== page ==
A man is accused of raping and killing his girlfriend's sister and another victim. Prosecutors make a deal with the girlfriend for her testimony against the accused, but they also suspect that she was a willing participant in the murders.

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Cast

Episode cast overview, first billed only:
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Laura Kendrick
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Mr. Stubelski
Judith Blazer ...
Peter Williams' Attorney
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Douglas Kendrick
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Peter Williams (as Samuel Ball)
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Elliot Stabler (as Chris Meloni)
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Storyline

Briscoe and Green investigate the murder of two teenage girls, one of whom is found wrapped in plastic sheeting in a house under renovation. She was raped and strangled and also had a high level of the drug GHB in her system. When they learn that one of the victim's sister, Laura Kendrick, is also in New York they begin a frantic search eventually finding her in the hospital, beaten and drugged. She points the finger at her boyfriend, Peter Williams, who may in fact be responsible for a number of brutal rapes and murders. It appears that Kendrick may have been also been involved in the assaults but she claims Williams forced her to participate. In order to get a conviction, Jack McCoy agrees to a plea bargain with a minimum in return for her testimony but then learns that he may have made a deal with the devil. Written by garykmcd

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23 February 2000 (USA)  »

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1.78 : 1
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Did You Know?

Trivia

The episode "Fools for Love" was likely inspired by/based on the early-'90s killing spree of Paul Bernardo and Karla Homolka. See more »

Goofs

When Laura Kendrick is recorded asking about her bracelet, the video played later is an alternative take. See more »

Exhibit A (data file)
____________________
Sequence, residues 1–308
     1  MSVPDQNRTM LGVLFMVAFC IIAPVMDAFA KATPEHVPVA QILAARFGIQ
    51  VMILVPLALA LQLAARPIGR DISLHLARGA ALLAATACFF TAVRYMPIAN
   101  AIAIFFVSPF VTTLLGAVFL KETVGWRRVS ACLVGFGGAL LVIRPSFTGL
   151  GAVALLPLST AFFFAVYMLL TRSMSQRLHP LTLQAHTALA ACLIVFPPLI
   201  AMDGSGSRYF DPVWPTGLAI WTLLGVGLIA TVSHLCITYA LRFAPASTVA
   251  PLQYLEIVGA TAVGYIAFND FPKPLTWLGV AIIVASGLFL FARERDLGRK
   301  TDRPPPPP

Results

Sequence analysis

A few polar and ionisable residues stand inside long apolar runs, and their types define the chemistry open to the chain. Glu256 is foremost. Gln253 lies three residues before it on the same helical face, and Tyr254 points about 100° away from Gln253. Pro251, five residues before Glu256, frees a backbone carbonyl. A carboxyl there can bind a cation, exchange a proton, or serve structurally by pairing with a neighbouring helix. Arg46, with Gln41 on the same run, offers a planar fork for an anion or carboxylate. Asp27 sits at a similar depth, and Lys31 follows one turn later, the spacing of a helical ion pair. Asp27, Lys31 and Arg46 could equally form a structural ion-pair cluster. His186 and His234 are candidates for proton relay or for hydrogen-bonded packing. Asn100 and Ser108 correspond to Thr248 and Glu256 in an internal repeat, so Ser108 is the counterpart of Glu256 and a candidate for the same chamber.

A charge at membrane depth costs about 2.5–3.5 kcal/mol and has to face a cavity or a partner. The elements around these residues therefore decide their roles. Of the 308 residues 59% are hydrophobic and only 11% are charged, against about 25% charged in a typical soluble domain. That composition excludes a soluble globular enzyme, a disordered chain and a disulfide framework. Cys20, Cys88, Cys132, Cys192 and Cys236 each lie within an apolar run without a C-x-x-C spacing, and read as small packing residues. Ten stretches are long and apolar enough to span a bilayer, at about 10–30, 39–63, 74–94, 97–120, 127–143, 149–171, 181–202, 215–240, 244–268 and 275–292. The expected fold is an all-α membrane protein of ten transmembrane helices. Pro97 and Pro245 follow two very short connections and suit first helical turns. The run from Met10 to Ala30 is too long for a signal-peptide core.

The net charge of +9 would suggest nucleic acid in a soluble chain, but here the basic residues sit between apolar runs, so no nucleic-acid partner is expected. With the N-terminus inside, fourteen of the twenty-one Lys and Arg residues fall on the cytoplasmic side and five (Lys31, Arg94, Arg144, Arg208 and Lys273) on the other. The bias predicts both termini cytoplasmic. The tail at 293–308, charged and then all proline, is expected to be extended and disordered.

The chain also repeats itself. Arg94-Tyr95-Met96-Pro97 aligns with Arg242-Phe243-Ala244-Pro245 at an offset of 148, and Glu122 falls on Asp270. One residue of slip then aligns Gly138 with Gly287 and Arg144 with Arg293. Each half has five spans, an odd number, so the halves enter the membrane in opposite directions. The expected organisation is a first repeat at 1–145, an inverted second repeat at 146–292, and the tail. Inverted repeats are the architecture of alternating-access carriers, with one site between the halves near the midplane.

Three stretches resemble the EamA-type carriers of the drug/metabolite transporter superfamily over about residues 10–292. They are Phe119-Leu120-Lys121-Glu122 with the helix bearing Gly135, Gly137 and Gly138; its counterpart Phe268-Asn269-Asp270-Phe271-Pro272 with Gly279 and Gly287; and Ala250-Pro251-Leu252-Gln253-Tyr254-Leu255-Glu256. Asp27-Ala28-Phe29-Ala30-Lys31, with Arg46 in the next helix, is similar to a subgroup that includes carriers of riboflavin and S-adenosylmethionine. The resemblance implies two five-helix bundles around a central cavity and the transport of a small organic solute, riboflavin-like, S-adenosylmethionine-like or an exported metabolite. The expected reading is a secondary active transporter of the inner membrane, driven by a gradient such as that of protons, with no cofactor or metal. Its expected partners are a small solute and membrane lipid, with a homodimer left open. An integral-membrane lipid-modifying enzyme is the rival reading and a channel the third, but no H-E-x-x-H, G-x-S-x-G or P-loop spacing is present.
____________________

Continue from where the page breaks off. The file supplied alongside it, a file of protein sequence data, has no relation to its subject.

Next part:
Quotes

[last lines]
A.D.A. Abbie Carmichael: Police found the other two girls. Killed the same way as Anneke Ullman.
Executive A.D.A. Jack McCoy: Know who they were?
A.D.A. Abbie Carmichael: Two runaways from Indiana.
Executive A.D.A. Jack McCoy: We'll use it Peter Williams' sentencing.
A.D.A. Abbie Carmichael: What about Laura Kendrick?
Executive A.D.A. Jack McCoy: Parole board will hear about it twenty-five years from now.
A.D.A. Abbie Carmichael: How do you wash it off, Jack?
Executive A.D.A. Jack McCoy: I wish I knew.
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Connections

References Law & Order: Special Victims Unit (1999) See more »

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User Reviews

 
Perverted, Twisted.
26 December 2015 | by (Deming, New Mexico, USA) – See all my reviews

A couple of dead girls show up with evidence of sexual and physical abuse and drugs pumped into their systems. A young man (Peter Ball) is suspected of having committed similar pecadilloes before and when his current girlfriend (Ellen Pompeo), a sister of one of the dead girls, winds up in the hospital battered and bruised, Ball is scooped up by Detectives Jerry Orbach and Jesse Martin.

Polaroid photos show up indicating that Pompeo herself was involved in a threesome -- or, if you include Peter Ball, a foursome I guess. It develops that Pompeo was pimping for her sister and the other victim and one of the girls died by accident, so the other one had to be killed. That seems to stretch the concept of group sex a bit too far for me, but things happen.

I hope this is clear because, as usual, there are meanders that leave oxbow lakes behind. Essentially, Ball and Pompeo together have abused and killed two innocent girls, one of them Pompeo's young sister. Pompeo had willing sex with the others while Ball took pics, and then he ravaged them and killed them.

The evidence is conclusive and Ball is in a vice. Okay, so he's a sadist, a rapist, and a murderer, but the real culprit here is his blond main squeeze, Ellen Pompeo, who did for Ball what Catherine did for her husband, Sebastian Venable, in "Suddenly Last Summer." Pompeo is by far the most interesting character. She apparently enjoyed bringing girls to Ball. She eagerly involved herself in the sex games. She went one on one with her drugged out younger sister and later permitted her to be murdered. In the middle of this investigations, with everyone harried, she asks with manifest serenity, "If the police are finished with the apartment, can they tell me if they found a pair of my red earring?" The term "psychopath" is flung around too loosely but when shrinks use it among themselves they know what it means -- and it applies here.

Of the two miscreants, Ball isn't much of an actor and with his muscular neck, hefty jaw, and boyish good looks, he seems to have just graduate from prep school and gotten a football scholarship to Columbia. But Ellen Pompeo is perfectly cast. She's a decent actress and has one of those faces that could go either way, rather like Rosamund Pike. Pretty, yes, but possibly venomous.

Of course each of the criminals blames the other, but the righteous Assistant DA McCoy solves the problem by a kind of trickery that I won't describe.


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